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With grain exports likely to reach 8 million metric tons this year, Russia’s ports admit they are having trouble coping.

This is forcing the government in Moscow into opting between the policy of favoring Russian over Ukrainian and Baltic ports, or letting the surplus of grain eat into farm prices, farmer’s incomes, and farm planting for next year. Watch carefully and you will see how agile the Russian government can be in trading favors with powerful constituencies at the start of an election year.

The strongest pressure from Russia’s current grain boom is being felt at Novorossiisk, on the Black Sea – the traditional hub of Russia’s grain trade – because most of the export grain is produced in the Krasnodar and Rostov regions to the west of the port. Novorossiisk usually ships half or more of Russia’s grain exports.

Executives at the Novorossiisk port company confirm that out of about 2 million tons of grain exported from Russia in the first six months of this year, about 1 million tons went through the port. St. Petersburg port reports grain shipments totaling 621,700 tons in the same period, while an equivalent volume went through the small southwestern Russian ports of Taganrog, Azov, Yeysk and Rostov.

This year’s windfall for Russian barley and durum wheat producers comes at the same time as drought has caused declines in harvests in North America and Australia. After several years of poor harvests, net imports and grain aid, Russia exported 7.2 million tons of grain last season, which ran from July 2001 to June 2002. Official forecasts for this season range between 8 million and 10 million tons.

Russian port capacity for shipment of grain is a maximum of 5 million tons per year.

Rudolf Bulavin, an analyst with a major grain trading company in Moscow, said that at present Russian ports account for about 75 percent of grain shipments; 15 percent move through the Ukrainian ports of Odessa and Ilyichevsk; and the remainder through Baltic ports, notably Muuga in Estonia.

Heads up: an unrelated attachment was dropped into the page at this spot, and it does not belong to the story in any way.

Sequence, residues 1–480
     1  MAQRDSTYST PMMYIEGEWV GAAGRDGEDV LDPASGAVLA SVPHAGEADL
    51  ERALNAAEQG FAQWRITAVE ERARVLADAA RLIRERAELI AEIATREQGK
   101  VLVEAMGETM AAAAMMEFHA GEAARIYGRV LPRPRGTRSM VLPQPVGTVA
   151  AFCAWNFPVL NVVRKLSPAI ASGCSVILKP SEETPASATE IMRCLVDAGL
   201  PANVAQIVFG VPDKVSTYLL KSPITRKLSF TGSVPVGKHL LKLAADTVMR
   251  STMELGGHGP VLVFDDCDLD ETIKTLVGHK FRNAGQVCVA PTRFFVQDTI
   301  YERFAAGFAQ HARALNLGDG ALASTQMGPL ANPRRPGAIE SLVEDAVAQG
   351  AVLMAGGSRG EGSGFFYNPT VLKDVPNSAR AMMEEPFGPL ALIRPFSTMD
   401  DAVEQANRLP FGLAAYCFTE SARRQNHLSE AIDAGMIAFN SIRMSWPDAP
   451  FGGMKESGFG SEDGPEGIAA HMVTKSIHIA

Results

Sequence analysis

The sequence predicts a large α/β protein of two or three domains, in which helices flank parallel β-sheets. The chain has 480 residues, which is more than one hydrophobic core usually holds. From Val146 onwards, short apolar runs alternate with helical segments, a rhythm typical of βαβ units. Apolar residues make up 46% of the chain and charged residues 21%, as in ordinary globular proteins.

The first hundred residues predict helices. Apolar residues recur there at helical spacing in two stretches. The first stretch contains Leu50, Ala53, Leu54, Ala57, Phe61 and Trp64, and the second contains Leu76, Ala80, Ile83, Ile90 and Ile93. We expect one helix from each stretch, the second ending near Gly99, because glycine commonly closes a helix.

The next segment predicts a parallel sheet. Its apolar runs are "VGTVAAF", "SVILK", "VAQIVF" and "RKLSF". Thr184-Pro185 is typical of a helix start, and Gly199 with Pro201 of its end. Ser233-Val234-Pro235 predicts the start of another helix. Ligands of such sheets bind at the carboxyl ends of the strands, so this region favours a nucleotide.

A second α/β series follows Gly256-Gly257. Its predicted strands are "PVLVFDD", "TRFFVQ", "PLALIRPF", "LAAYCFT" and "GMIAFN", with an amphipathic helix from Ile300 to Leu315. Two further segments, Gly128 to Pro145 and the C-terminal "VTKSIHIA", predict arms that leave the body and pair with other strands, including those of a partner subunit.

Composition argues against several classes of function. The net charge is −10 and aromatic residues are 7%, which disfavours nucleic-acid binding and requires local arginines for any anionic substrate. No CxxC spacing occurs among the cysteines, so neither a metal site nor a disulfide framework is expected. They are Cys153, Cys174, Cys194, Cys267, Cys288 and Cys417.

“Russia is trying to do its best to export grain to Western Europe, the Middle East and North Africa, where there is currently a deficit,” Bulavin said. “The price difference between the domestic market and export markets makes it possible to ship grain both by large vessels from Novorossiisk and smaller river-sea type vessels from the Azov and Don ports. However, nobody can say whether grain transportation by smaller vessels will be effective next year.”

The volume available for shipment has been causing problems for rail transportation and terminal storage at the ports, he conceded: “The problem of chartering vessels for grain exports is only a matter of price. While the average charter rate is $17 to $23 per ton for transportation to Europe, if the exporter pays more, he can easily get a vessel.”

Alexander Filimonov, spokes-man for the federal Transport Ministry, acknowledges that the mid-size ports on the Azov Sea, such as Taganrog and Azov, are handling the grain exports, but these and the river ports on the Volga and Don channel, such as Rostov, can only handle smaller vessels; Novorossiisk can currently work with vessels of up to 50,000 tons grain capacity.

“The smaller shipments of grain using river-sea type vessels are not always profitable,” Filimonov said. “And, of course, they are always less profitable than larger shipments made through Novorossiisk.

“But one of the obstacles there is that grain transportation is not a highly profitable operation for stevedore companies, given low tariffs for grain re-loading. This is why stevedore companies are not very active in investing in the construction of specialized grain terminals in the ports.”

Under pressure from farmers to keep grain prices from falling precipitately, the Russian government has decided to encourage exports by introducing a 20 percent rail freight discount on shipments of grain to Ukraine and Baltic ports.